Letters 7/3

Ex-publisher’s conviction not newsworthy now
I was disgusted by Wednesday’s article (“Former CNJ publisher dies at 75”) regarding the death of former Clovis News Journal Publisher Jim Griffin. He was convicted of a crime and served his time; I do not understand how that could be considered newsworthy now. I don’t recall any other residents whose passings were marked with a listing of the things they did wrong, particularly while neglecting the good they may have done.

For example, the article failed to mention his work as a member of the Committee of Fifty. I was Griffin’s secretary and receptionist for the front office of the News Journal in 1977-78. I know that he worked diligently during that period of time to help Clovis in every way possible. I’m sure that wasn’t the only time during his 30 years at the News Journal that he was working for the good of Clovis and eastern New Mexico.

He was a good man. I regret that the newspaper chose not to honor him at his death, but to point out his mistake. If you had known him, you would have known that he did not treat people shabbily. It is a shame that you did.
 
Sandi House
Clovis
 

Let deceased rest in peace
I would like to express my opinion on how distasteful it was to write an article with the contents published on Jim Griffin at a time while the family is mourning. For the News Journal to be that heartless and without compassion is very disturbing.

If you cannot let him rest in peace and write on a different subject you should not have written anything at all. I think you owe the family a written apology and that further stories like this should be a little more considerate.

Mike Reyna 
Clovis

Kindness reflects well on Clovis
I know that in today’s society it’s easy to see the bad that we encounter on a daily basis. Well, I personally have made a vow to try and point out the good things that I see or personally encounter.

On Wednesday, my husband Brian Gamble, who is in a wheelchair, went to the emergency room in Clovis seeking medical attention. As he arrived at the hospital he noticed an ambulance in the bay and several local paramedics getting ready to leave the hospital. Two of them noticed him, parked in handicapped parking, struggling to get his wheelchair out of the car. These two paramedics walked across the way to his car and helped him get his chair put together and then assisted him into the wheelchair.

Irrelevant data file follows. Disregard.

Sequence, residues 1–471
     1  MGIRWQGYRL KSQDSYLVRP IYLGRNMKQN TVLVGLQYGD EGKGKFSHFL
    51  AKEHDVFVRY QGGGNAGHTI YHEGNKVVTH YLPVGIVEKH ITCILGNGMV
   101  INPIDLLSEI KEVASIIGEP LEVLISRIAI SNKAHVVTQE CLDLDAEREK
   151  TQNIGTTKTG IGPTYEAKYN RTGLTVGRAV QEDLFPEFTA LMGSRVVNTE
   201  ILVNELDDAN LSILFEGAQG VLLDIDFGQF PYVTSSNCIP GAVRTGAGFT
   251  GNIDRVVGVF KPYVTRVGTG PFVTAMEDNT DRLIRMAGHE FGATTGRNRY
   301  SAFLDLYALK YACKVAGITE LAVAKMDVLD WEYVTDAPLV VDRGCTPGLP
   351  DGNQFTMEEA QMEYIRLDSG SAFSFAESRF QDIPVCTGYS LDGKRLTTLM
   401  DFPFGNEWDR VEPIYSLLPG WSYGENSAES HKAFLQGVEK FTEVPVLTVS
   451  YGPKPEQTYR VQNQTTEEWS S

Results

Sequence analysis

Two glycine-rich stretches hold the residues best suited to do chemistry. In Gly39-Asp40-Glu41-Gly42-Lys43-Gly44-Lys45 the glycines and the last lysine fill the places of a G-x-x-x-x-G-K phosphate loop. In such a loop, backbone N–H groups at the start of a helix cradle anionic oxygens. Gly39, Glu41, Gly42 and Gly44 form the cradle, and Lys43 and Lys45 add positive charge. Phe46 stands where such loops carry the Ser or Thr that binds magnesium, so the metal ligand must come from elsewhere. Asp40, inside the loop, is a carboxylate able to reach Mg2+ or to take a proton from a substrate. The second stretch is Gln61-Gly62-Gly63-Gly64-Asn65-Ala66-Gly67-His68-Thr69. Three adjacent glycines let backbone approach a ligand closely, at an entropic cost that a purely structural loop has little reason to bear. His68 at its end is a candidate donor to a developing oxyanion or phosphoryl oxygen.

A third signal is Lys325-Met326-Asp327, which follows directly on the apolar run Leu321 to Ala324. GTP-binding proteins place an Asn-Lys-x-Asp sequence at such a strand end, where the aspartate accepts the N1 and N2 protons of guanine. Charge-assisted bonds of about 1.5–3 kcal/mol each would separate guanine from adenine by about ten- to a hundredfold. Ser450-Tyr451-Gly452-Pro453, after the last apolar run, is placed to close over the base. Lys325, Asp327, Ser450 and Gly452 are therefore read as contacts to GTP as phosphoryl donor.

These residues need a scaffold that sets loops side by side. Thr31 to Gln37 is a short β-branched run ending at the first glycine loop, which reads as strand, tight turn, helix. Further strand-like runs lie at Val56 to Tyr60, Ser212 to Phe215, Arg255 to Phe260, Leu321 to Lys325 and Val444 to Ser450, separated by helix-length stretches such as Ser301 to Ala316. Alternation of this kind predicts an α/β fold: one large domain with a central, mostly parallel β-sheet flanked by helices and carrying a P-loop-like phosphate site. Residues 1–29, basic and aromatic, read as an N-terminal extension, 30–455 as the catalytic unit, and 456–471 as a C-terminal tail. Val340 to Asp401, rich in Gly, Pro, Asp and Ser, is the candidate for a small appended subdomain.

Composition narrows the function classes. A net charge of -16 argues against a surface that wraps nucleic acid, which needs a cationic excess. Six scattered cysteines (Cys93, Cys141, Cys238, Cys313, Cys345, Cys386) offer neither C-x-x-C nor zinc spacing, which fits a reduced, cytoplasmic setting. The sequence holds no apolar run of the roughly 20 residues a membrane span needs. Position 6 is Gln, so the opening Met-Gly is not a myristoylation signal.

He never asked their names, but we would like to personally thank them. This display of kindness proves that Clovis is an awesome place to live. I commend them for their professionalism, and caring heart.

Amy Gamble
Clovis

Cannon still needs community support
The fight to save Cannon Air Force Base is not over.

The people of eastern New Mexico and west Texas spoke loudly and with one voice on June 24 when the Base Realignment and Closure Commission came to Clovis for its hearing. Your steadfast support — from Amarillo to Hobbs, Portales to Lubbock, Clovis to Roswell — proved that no one supports the military like the people of the western plains.

As lieutenant governor and chair of the military base planning commission, I took great pride in seeing the tremendous community effort in Clovis — from the supporters lining the streets to the articulate and factual presentation made by leaders of the Committee of Fifty’s Randy Harris and Chad Lydick. 

It was an impressive start. But if we’re going to save Cannon, so much more must be done. If you haven’t already, please write a letter or send an e-mail to the BRAC Commission expressing what Cannon means to you and to your community.

For details, go to http://www.keepcannon.com/

This region has lost three bases in the past 40 years — in Roswell, Amarillo and Lubbock. Preventing a fourth closing is in the hands of nine BRAC commissioners. We did a great job showing them how we feel about Cannon on June 24.

Now we have to make sure they don’t forget.

Diane D. Denish
Lieutenant governor of New Mexico